Saturday, 1 November 2008

Don't just do something

Russ Roberts has a new piece in the Wall Street Journal, Don't Just Do Something. Stand There. In a posting on his blog Cafe Hayek, Roberts writes
Bob Higgs claims that "regime uncertainty," the uncertainty about the rules of the game, is what made the New Deal so ineffective. Because business didn't know what the government was going to do next, people were hesitant to invest and take risk in the 1930s. It's possible but it's very hard to measure. Maybe investors were discouraged by the lack of opportunities in the economy or some other reason.

At the end of last week, the government announced that insurance companies were next to be bailed out. It became clear that firms were lining up making the claim that they too deserved government help. The effect that Higgs had written about feels palpable right now. When you know the government can save your company and your bottom line, you start spending an increasing amount of time on that possibility rather than trying to actually turn things around or look for private suitors. When you're not sure about the rules of the game, risk-taking and investing becomes much more uncertain than usual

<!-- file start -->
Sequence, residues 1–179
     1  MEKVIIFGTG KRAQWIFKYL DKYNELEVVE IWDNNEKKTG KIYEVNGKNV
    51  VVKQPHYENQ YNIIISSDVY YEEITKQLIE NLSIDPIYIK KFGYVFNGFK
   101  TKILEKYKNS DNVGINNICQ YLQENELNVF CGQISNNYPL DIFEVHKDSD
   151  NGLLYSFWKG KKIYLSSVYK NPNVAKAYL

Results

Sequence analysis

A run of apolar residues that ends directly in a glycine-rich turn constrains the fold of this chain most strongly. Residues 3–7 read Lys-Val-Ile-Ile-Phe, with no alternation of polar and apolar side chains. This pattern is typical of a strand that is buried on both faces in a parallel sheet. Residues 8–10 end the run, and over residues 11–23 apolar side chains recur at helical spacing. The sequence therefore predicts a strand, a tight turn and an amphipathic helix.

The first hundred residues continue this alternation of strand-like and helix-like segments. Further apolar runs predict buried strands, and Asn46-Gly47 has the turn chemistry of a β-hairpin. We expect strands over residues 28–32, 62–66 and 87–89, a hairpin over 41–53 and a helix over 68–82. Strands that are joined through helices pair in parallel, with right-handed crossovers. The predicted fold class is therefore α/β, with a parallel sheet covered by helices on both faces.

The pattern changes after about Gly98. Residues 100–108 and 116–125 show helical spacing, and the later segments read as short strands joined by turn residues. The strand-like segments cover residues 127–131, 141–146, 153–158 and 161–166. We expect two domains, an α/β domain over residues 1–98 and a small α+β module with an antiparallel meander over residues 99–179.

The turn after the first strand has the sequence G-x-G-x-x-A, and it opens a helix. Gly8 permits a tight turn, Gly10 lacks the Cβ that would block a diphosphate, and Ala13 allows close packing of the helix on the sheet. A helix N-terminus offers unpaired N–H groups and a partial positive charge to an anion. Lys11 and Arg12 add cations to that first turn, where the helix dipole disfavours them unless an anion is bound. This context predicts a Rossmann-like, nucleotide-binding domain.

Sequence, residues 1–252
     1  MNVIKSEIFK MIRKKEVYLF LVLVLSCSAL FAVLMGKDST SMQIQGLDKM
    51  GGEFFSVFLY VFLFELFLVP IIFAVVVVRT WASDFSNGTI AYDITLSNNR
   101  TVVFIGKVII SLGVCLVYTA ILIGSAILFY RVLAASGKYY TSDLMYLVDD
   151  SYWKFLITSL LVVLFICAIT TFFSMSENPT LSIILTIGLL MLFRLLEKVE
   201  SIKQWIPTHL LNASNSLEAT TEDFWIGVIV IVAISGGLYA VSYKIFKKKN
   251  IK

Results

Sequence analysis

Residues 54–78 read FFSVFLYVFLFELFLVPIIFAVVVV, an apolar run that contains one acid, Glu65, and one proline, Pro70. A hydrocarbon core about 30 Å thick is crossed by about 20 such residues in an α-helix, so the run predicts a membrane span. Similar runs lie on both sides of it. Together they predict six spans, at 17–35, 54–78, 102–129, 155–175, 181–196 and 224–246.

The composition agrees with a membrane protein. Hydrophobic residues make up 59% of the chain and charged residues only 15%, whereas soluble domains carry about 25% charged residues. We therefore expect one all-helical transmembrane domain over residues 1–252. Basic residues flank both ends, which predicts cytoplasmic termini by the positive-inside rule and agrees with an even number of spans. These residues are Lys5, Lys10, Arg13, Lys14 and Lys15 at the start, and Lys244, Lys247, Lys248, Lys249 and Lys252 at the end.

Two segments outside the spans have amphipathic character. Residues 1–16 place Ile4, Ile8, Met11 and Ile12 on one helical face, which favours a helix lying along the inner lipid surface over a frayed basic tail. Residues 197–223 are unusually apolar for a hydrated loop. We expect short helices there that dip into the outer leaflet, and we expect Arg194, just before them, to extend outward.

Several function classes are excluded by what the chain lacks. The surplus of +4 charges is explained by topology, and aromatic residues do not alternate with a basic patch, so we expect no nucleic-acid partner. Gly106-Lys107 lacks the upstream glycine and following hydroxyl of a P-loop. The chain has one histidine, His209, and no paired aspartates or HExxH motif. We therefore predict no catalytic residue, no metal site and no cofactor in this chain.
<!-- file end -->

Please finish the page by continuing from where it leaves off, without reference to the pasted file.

He then points to his WSJ article in which he argues that government policy appears to be making things worse, now there's a surprise, and that doing nothing, at least for a while, is probably a better option. But, as is obvious to most people, governments have a problem with credible commitment. Doing nothing cannot be guaranteed to last for very long. Action, almost any action, is seen as good by politicians, no matter what the outcome. Action its self is a good thing, the outcome is of secondary importance. Activity is the politician's substitute for achievement. Just look at the proposals from both Labour and National to deal with the effect of the financial crisis here in New Zealand. And unfortunately, in the US context, neither presidential candidate has a commitment even to the principle that doing nothing might be the best policy. Such a principle might make a commitment to inaction, at least partially, credible. But even though the commitment to do nothing might be only temporary, Roberts argues, it still would be useful for alternative strategies to the current one to emerge and generate a consensus as to whether such alternatives might be preferable to the current scattershot approach of doing one thing today and something else tomorrow. Such uncertainty has to affect the calculus of risk-taking.

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